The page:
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It's official!! Wal-mart buying Vudu

post #1 of 11
Thread Starter 
Anyone think that Wal-mart will be stocking any Blu-ray players that don't support Vudu?

Quote:
Wal-Mart (WMT Quote) is stepping up the competition in the movie rental business with the acquisition of Vudu.

The retail giant announced on Monday that it is buying Vudu, an online movie service that is built into high-definition television and Blu-ray players, according to the New York Times.

http://www.thestreet.com/story/10686...ockbuster.html
post #2 of 11
Well, yes, I would say they will offer Blu-Ray players which don't stream Vudu. However, I don't think they will offer any streaming-enabled Blu-Ray players that don't stream Vudu. Maybe that's your point, my apologies if I missed it.

I can see there will be quite a bit of demand from trailer-park-trash nation for el-cheapo Blu-Ray players that "don't have none of that stoopid streamin' stuff" as Blu-Ray gradually surpasses DVD as the de facto standard over the next several years. Time will tell.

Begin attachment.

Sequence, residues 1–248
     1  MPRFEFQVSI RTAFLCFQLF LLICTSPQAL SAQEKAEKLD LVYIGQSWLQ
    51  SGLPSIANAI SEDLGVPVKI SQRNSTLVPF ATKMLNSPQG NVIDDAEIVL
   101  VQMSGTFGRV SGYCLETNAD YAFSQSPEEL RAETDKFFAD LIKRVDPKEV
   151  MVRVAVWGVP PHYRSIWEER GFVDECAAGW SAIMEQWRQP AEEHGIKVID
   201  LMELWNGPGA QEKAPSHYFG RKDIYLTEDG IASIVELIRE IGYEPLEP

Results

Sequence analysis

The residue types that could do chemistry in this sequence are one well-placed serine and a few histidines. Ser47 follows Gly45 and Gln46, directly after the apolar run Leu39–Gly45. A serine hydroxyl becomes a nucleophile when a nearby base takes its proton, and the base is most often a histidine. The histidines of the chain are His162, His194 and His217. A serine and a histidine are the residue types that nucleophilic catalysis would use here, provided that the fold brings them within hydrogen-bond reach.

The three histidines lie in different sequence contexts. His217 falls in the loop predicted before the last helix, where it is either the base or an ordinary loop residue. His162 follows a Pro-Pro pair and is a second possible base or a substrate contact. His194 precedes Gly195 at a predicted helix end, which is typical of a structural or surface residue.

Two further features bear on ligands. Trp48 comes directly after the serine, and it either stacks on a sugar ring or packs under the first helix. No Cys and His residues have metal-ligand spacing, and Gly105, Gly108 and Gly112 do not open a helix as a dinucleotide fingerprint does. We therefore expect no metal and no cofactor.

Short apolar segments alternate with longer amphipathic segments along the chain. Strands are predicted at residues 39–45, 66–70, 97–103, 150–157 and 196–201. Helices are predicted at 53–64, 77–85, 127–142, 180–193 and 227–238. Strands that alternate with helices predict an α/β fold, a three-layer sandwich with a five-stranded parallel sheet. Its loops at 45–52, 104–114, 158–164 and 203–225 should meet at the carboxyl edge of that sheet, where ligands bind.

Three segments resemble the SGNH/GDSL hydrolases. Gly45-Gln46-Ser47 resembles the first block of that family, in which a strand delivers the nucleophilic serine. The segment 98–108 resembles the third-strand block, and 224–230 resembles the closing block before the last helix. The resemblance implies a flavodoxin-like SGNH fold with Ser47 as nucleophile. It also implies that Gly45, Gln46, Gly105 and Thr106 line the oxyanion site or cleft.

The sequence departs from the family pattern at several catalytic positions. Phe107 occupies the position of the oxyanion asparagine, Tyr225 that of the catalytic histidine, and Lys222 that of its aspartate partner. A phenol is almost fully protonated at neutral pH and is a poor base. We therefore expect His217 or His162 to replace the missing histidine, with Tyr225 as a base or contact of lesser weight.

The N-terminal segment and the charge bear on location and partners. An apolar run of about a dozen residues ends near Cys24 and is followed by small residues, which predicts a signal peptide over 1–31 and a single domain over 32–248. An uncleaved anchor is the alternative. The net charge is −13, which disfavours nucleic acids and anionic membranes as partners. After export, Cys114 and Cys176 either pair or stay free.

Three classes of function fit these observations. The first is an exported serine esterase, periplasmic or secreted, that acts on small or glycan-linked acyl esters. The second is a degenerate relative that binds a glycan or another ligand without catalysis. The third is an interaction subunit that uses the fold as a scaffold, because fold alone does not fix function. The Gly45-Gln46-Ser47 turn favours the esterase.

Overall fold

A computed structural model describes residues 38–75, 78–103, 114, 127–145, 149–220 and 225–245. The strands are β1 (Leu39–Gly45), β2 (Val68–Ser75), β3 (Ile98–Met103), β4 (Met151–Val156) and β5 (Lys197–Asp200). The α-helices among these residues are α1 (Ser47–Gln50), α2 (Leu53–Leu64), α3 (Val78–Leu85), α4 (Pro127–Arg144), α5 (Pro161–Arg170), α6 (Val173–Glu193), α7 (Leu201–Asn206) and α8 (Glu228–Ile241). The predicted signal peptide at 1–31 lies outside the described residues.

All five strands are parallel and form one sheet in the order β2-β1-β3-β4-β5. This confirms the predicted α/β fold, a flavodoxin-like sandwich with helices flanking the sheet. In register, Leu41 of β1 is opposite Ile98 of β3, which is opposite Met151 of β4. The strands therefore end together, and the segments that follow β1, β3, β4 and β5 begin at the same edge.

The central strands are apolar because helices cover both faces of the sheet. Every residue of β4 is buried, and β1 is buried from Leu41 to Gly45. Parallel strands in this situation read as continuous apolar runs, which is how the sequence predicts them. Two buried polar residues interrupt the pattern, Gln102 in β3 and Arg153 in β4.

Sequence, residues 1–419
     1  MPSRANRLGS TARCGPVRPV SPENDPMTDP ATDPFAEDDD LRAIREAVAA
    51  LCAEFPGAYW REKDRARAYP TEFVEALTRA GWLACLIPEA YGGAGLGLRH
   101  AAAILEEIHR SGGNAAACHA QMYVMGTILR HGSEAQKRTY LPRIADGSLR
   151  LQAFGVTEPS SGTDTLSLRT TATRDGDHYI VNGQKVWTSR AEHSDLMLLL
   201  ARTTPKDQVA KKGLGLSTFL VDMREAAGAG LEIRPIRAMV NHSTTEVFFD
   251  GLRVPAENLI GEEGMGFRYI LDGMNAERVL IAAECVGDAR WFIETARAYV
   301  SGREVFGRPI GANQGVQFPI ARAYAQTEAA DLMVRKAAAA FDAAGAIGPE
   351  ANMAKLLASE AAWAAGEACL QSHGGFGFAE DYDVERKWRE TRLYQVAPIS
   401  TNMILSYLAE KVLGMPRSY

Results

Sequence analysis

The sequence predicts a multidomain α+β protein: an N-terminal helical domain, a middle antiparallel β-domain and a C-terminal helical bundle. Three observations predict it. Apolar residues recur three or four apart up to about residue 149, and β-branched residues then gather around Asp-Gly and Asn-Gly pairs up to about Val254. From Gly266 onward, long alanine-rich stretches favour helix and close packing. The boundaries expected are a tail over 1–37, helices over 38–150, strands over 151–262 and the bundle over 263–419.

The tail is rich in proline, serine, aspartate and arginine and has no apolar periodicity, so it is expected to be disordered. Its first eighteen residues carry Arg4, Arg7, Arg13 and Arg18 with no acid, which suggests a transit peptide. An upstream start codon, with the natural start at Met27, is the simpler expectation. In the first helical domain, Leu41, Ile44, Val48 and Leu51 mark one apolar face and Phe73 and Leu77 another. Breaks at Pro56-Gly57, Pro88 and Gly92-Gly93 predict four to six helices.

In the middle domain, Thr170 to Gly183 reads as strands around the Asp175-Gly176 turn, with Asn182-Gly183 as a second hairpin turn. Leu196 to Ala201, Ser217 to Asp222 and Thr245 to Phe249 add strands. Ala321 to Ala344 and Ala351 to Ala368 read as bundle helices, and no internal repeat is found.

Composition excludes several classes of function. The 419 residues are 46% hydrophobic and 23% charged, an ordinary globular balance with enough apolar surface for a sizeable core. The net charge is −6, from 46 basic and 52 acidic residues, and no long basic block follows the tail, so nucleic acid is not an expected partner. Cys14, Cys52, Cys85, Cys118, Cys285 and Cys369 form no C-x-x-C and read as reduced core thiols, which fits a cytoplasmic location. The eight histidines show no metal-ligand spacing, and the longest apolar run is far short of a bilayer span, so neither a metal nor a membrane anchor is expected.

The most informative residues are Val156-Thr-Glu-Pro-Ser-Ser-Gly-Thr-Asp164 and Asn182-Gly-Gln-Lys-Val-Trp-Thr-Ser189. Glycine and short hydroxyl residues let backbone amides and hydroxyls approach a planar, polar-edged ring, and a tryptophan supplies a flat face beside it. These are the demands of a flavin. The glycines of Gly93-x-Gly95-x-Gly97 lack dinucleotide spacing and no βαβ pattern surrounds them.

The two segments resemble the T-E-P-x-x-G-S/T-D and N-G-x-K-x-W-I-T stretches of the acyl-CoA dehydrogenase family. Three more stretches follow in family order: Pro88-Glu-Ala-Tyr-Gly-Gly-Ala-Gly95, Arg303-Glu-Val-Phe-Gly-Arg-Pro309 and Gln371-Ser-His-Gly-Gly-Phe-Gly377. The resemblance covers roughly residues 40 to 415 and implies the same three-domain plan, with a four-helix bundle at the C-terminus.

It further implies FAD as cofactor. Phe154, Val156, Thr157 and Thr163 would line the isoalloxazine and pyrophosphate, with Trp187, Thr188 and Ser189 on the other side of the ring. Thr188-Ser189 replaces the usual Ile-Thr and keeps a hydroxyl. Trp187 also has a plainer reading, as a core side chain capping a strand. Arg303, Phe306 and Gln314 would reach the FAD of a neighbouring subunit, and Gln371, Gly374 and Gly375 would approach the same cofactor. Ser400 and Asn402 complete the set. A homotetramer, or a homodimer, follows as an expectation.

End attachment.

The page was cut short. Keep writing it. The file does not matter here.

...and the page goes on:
post #3 of 11
Thread Starter 
Quote:
Originally Posted by DragonLoaf View Post

Well, yes, I would say they will offer Blu-Ray players which don't stream Vudu. However, I don't think they will offer any streaming-enabled Blu-Ray players that don't stream Vudu. Maybe that's your point, my apologies if I missed it.

I can see there will be quite a bit of demand from trailer-park-trash nation for el-cheapo Blu-Ray players that "don't have none of that stoopid streamin' stuff" as Blu-Ray gradually surpasses DVD as the de facto standard over the next several years. Time will tell.

I think it is going to be the opposite. Almost every player will support streaming by Holiday 2010, except for hyper-expensive boutique Blu-ray players.

For the simple reason that the chipsets will already support streaming and manufacturers will get finders fees for getting new customers to Netflix, Vudu, CinemaNow, etc.
post #4 of 11
Quote:
Originally Posted by DragonLoaf View Post

I can see there will be quite a bit of demand from trailer-park-trash nation for el-cheapo Blu-Ray players that "don't have none of that stoopid streamin' stuff" as Blu-Ray gradually surpasses DVD as the de facto standard over the next several years. Time will tell.

I agree. These people are the perfect clientele for an upscale service like Vudu.

Not!

I don't know if this acquisition will turn out to be a smart thing, long term. But one thing's for certain. Trailer-park-trash is not the demographic that Vudu was initially targeting when they wrote their business plan.